You’ve dreamed of being a teacher for a long time. You’ve pictured yourself in front of that classroom, all those little eyes and ears focused on you, ready to learn. You enrolled in an online teacher certification program and you’ve learned a lot about being a teacher. You feel ready, excited, enthusiastic . . .
The leap from coursework to doing your demonstration teaching is a big one. You’re on the spot, often standing in front of a classroom for the first time. You’re excited to show off everything you’ve learned, but you probably have a lot of questions: How do I make sure I get it right?
WGU Teacher Success Coordinator Blake Brunson has dozens of tips in the recent Career Café webinar, “Making the Most of Student Teaching.” It’s a half-hour packed with the ABCs of making a good impression as a guest in another teacher’s classroom, from the little details to the big picture of how you present yourself.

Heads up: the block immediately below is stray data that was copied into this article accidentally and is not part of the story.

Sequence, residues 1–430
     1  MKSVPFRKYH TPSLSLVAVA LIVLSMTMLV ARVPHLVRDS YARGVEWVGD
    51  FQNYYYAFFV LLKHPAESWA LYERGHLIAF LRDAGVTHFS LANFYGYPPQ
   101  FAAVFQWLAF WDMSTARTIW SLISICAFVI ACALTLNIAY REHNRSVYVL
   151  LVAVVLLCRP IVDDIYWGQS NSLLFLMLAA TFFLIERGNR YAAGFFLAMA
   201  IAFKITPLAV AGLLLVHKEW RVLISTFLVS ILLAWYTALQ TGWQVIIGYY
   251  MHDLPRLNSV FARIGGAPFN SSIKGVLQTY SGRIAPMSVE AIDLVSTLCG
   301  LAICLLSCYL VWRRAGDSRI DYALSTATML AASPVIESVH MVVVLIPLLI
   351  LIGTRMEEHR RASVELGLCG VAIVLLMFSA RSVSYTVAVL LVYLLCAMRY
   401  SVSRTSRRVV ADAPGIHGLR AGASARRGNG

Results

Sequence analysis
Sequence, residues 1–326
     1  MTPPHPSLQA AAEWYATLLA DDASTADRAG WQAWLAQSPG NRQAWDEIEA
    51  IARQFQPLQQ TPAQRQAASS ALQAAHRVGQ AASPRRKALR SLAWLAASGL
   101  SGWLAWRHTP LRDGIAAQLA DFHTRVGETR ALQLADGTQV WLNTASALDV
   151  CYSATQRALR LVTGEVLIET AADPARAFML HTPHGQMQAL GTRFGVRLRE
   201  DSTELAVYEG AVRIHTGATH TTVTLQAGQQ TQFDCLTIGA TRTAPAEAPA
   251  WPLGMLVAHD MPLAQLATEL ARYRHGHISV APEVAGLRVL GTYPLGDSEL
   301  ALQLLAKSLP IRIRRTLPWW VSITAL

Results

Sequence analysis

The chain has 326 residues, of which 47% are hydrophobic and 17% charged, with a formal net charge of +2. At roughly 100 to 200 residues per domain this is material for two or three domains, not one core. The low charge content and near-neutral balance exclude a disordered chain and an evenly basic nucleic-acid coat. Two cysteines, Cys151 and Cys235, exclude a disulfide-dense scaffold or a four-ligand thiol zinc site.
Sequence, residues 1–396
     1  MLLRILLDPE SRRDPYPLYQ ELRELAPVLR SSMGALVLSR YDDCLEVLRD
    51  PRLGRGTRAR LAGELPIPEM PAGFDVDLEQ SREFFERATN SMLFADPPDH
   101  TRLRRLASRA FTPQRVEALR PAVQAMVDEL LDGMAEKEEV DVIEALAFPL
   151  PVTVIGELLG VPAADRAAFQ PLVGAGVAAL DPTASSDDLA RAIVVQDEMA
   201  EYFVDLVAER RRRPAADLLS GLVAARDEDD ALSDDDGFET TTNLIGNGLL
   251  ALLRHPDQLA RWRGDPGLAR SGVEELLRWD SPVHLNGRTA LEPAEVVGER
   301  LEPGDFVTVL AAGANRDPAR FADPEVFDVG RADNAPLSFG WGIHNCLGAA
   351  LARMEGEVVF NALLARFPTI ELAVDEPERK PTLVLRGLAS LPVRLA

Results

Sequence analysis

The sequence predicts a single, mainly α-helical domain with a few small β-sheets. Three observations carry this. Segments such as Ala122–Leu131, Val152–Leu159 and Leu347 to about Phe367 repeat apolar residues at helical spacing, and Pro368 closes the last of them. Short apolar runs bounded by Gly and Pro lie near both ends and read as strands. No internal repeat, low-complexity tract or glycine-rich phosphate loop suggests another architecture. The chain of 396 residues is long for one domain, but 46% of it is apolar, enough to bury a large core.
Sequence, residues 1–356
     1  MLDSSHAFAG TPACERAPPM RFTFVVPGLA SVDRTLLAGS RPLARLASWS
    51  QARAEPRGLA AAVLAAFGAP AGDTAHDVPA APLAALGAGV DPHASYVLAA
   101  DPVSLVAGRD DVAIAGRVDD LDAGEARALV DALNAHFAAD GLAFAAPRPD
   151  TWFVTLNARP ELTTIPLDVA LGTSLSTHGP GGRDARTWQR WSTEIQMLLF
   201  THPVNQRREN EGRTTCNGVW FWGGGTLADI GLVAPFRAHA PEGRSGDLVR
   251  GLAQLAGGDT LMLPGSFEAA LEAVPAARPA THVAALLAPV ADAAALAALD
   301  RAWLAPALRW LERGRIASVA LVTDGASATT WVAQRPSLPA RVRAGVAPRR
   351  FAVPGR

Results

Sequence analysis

Here are just a few of the tips that may answer some of the questions you’re nervously pondering:
- Be a teacher, not a friend. You need to be seen as an authority figure.
- Follow school rules.
- Prepare for your lesson. Practice in the mirror or in front of family – don’t let the first time you give your lesson be in front of the students.
- Be flexible.
- Learn all the students’ names the first week.
- Accept the fact that you’re going to make some mistakes. Roll with them. Learn from them.
- Dress professionally. When in doubt, err on the side of being too conservative.
- Eat lunch with your host teacher. Attend faculty meetings. Make yourself part of the team. Make it easy for teachers and staff to see you as part of their faculty.
- Smile and be enthusiastic. Always appear as if you’re exactly where you want to be, even if you’re having a bad day.
For many more words of wisdom to help you prepare for your demonstration teaching, watch the full, free webinar, “Making the Most of Student Teaching.”
Career Café webinars are a free career-preparation resource provided by WGU Alumni & Career Services.
Teachers and teachers-to-be, we want your advice. What tricks did you use to make your time as a student teacher successful? Let us know in the comments!